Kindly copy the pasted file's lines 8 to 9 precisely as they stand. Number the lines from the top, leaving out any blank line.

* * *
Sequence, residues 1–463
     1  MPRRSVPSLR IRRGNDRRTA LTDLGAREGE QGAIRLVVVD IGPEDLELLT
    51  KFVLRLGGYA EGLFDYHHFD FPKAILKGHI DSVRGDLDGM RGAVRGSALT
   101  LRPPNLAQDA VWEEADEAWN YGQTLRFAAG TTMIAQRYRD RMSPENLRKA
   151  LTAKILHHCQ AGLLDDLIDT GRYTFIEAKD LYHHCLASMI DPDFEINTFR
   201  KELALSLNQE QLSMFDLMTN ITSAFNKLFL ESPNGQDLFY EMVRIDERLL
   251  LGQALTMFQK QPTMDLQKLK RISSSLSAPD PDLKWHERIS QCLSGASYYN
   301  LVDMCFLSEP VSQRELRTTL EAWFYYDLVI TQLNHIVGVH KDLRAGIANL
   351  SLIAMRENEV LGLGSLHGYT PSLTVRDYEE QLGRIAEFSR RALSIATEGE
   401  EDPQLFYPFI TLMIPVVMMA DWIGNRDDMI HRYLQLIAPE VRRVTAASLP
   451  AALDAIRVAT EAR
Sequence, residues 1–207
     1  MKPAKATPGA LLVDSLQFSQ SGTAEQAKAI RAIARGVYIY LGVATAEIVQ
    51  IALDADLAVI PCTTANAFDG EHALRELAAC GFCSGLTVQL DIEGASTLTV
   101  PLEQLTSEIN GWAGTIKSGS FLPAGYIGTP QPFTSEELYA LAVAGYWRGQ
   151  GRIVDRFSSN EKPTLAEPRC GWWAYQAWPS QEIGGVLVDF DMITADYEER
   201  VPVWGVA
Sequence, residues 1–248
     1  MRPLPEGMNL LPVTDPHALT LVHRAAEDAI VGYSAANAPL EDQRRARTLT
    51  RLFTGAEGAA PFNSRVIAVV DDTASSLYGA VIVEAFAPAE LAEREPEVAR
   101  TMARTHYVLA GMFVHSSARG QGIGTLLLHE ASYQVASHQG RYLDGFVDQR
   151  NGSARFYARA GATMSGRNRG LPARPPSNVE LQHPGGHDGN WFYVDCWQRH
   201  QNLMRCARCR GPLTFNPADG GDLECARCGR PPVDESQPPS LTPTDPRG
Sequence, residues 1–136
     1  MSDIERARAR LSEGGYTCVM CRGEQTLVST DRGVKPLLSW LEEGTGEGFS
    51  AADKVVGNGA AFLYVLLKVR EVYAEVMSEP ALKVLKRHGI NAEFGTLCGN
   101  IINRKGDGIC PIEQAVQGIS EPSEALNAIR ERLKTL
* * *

   301  LVDMCFLSEP VSQRELRTTL EAWFYYDLVI TQLNHIVGVH KDLRAGIANL
   351  SLIAMRENEV LGLGSLHGYT PSLTVRDYEE QLGRIAEFSR RALSIATEGE